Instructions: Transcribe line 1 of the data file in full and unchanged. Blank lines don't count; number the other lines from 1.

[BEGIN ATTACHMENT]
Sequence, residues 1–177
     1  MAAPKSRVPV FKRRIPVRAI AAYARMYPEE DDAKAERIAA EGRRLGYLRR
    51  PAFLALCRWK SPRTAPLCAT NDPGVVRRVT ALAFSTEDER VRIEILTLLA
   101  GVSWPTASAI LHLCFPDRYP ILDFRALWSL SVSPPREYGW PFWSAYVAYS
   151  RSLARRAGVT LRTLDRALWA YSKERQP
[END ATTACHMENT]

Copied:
Sequence, residues 1–177